"We need to understand the size and shape of this shield," which is affected by the speed of the inflowing interstellar wind, Christian said. IBEX, by the way, also measured this wind and showed that it was not as strong as previously thought.

"As we look for nearby solar systems," he added, "understanding our shield helps us understand the 'astrospheres' around other stars and whether it affects the habitability of planets in those nearby solar systems."

IBEX's measurements set the stage for more interstellar excitement.

In the next couple of years, Voyager 1 will pass out of the heliosphere, Christian said, "and become our first interstellar probe."

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Image: Artist's rendering of IBEX. Credit: NASA

 


Hopes are bright for Wednesday morning's Quadrantids meteor show

Meteor shower

Think the New Year's Eve fireworks you saw were special? They're about to get some competition from Mother Nature -- a spectacular meteor shower headed our way.

To see it, you can stay up really late tonight or get up really early tomorrow morning. That's when the  2012 Quadrantids meteor shower is expected to peak, according to NASA's Marshall Space Flight Center. Although not as famous as the Perseids meteor shower, the Quadrantids shower will nonetheless offer up "excellent meteor observing" from about 3 a.m. to 5 a.m. local time (regardless of the time zone you're in), according to NASA.

Named after a now-extinct constellation, the shower is expected to produce 60 to 200 meteors per hour, with an average rate of about 100 each hour, according to NASA.

Meteor shower "viewing should be great over most of the country," Weather Channel meteorologist Mark Ressler told USA Today. Exceptions are potentially cloudy spots in the Pacific Northwest, the Great Lakes and parts of the Northeast.

The Quadrantids shower was first seen in 1825, NASA says. "Dynamical studies suggest that this body could very well be a piece of a comet which broke apart several centuries ago, and that the meteors you will see before dawn on Jan. 4 are the small debris from this fragmentation," according to the space agency's website. "After hundreds of years orbiting the sun, they will enter our atmosphere at 90,000 mph, burning up 50 miles above Earth's surface -- a fiery end to a long journey!"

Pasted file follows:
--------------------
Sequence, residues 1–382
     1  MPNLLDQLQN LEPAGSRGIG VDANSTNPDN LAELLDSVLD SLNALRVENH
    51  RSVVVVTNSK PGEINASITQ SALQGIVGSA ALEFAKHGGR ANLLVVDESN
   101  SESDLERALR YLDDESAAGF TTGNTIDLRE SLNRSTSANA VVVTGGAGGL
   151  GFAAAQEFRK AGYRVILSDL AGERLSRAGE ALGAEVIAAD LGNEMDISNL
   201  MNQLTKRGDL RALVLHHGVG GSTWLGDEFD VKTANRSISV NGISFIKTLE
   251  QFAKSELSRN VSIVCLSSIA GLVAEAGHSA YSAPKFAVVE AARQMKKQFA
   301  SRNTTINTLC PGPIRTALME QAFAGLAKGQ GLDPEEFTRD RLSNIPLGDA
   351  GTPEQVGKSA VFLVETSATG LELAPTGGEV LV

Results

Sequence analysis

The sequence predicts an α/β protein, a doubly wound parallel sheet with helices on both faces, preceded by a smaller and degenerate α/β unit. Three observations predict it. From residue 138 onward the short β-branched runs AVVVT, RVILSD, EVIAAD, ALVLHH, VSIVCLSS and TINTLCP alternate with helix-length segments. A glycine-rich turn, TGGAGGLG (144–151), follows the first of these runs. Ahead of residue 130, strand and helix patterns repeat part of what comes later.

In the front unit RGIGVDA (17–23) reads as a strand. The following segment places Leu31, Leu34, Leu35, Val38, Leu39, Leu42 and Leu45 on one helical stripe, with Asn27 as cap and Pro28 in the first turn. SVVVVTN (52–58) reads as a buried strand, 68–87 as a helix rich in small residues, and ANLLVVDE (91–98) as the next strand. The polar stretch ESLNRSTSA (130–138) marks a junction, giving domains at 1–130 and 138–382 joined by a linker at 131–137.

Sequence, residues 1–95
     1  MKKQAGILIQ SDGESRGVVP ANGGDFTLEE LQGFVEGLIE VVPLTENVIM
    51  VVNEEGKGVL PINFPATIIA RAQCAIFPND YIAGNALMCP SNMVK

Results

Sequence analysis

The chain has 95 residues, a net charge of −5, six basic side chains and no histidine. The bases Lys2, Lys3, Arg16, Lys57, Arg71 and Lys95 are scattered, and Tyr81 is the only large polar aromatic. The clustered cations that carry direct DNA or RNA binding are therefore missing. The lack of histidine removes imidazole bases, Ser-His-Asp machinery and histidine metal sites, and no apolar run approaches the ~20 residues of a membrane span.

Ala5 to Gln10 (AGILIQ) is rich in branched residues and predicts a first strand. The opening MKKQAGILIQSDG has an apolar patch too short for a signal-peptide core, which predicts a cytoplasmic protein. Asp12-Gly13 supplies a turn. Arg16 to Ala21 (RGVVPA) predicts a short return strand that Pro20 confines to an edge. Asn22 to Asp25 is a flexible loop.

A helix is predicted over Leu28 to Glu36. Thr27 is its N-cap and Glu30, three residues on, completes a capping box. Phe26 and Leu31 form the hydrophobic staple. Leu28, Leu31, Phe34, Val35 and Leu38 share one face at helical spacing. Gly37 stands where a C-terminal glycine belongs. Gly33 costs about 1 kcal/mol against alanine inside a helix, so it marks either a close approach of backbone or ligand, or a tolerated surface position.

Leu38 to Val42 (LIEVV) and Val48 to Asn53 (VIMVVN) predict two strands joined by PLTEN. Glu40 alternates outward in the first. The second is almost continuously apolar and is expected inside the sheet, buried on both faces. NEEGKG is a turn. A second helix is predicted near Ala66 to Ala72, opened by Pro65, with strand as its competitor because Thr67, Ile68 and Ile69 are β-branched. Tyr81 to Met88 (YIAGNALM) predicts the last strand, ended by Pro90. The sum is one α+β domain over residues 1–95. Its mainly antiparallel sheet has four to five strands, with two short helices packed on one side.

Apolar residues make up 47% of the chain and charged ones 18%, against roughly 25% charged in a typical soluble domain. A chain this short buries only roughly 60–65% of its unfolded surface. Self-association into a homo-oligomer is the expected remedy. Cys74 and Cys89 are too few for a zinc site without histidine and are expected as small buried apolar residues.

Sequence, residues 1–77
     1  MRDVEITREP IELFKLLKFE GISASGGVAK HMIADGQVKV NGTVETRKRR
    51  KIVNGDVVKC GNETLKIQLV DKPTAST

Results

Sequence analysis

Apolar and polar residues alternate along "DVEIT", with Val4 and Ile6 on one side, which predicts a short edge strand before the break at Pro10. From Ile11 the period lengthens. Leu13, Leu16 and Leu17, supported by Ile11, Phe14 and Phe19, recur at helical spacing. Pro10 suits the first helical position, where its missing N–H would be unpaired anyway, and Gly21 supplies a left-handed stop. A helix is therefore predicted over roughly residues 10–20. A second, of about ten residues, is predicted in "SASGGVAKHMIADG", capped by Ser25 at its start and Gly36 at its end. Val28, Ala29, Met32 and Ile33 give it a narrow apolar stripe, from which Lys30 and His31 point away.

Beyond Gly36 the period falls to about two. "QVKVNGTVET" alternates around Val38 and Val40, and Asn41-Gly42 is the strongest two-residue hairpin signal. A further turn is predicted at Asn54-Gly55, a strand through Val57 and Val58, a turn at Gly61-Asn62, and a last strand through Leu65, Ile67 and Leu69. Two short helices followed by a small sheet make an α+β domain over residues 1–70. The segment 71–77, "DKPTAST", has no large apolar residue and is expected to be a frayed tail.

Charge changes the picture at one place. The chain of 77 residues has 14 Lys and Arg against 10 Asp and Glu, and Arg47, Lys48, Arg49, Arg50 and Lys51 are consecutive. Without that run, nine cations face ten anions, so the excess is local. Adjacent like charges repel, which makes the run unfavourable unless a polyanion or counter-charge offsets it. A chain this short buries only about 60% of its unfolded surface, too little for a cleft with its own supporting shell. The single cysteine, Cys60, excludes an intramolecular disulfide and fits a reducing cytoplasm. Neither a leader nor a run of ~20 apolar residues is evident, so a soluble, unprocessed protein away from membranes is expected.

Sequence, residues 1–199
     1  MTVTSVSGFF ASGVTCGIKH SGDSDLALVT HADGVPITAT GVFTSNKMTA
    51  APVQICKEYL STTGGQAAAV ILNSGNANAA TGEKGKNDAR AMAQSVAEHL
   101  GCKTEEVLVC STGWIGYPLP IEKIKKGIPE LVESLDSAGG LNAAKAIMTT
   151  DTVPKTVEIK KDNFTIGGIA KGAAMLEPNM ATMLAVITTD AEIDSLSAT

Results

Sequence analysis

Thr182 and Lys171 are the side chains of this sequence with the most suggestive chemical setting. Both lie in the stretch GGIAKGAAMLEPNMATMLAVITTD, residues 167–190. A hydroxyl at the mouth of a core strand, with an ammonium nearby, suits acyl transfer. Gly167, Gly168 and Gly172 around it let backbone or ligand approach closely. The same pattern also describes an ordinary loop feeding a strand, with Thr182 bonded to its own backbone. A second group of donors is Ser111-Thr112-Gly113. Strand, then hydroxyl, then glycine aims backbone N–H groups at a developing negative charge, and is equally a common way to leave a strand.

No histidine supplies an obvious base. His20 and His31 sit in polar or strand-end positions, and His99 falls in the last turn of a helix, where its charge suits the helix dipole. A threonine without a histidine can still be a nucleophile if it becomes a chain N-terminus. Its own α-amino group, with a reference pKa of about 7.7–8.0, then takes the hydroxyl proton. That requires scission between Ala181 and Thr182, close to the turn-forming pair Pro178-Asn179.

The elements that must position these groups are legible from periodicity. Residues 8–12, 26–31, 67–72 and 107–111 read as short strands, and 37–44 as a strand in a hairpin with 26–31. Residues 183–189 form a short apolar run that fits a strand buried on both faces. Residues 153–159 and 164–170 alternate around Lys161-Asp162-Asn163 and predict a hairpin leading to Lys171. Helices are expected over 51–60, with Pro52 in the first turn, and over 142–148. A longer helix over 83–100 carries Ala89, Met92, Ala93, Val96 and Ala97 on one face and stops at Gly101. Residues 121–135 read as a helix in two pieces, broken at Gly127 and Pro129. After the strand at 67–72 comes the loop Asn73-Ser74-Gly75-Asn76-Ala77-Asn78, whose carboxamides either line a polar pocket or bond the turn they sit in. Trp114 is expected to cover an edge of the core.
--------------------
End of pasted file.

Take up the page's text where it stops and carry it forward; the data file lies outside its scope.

Only the Northern Hemisphere will be able to see the Quadrantids meteor show, NASA says.

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Photo: Leonid meteor shower in 2001 from Joshua Tree National Park. Credit: Rick Loomis / Los Angeles Times


Stories that grabbed us in 2011: Rogues, thieves, porn and more

Arnold_and_Maria
A philandering governor. An inmate, an ex-girlfriend and an accusation of rape. A sprawling hodgepodge of buildings that has neighbors up in arms. And an earthquake and tsunami that killed thousands.

Stories on these topics were the most-read of the year at latimes.com.

But before we get to the headlines that made us cheer, jeer and tear up, take a moment to slap yourself on the back, dear readers. It seems that media pundits are constantly wringing their hands and lamenting the state of long-form journalism, or complaining about the public's seemingly insatiable desire for all things Kardashian. You've proved them wrong.

The stories that were most widely read were largely hard-hitting investigative pieces or breaking news. There wasn't a Kim, Khloe or Kourtney in the bunch.

PHOTOS: The most-viewed stories of 2011

In fact, the single most popular story on latimes.com in 2011 was the disturbing two-part tale of Louis Gonzalez III, a Las Vegas father who found himself facing life behind bars for allegedly assaulting his ex-girlfriend and mother of his child by tying her up in her Simi Valley home, burning her with matches and sexually assaulting her with a wooden hanger.

"One of the most brutal attacks I have ever seen," is the way one Simi Valley law enforcement officer described the crime scene. A dogged Simi Valley detective set out to collect the evidence to support the woman's claim -- that her ex-boyfriend attacked her -- but the evidence would end up pointing to a more surprising conclusion.

Then there was the revelation that former California Gov. Arnold Schwarzenegger and his wife, Maria Shriver, had separated because she discovered that he had fathered a child with a longtime member of their household.

Readers were also drawn to our extensive coverage of Japan's worst earthquake in recorded history. The temblor occurred March 11, rocking the northeast coast of Japan and triggering a deadly tsunami, the effects of which were felt as far as the Pacific Northwest. In all, more than 15,000 people perished.

Other stories that struck a chord with readers included the tale of Alan Kimble Fahey's homemade, ramshackle labyrinth of buildings that he calls Phonehenge West. Located in Acton, the structure is Fahey's 30-year labor of love. But authorities say it violates practically every building and fire code in the book. And officials are trying to force him to tear it down.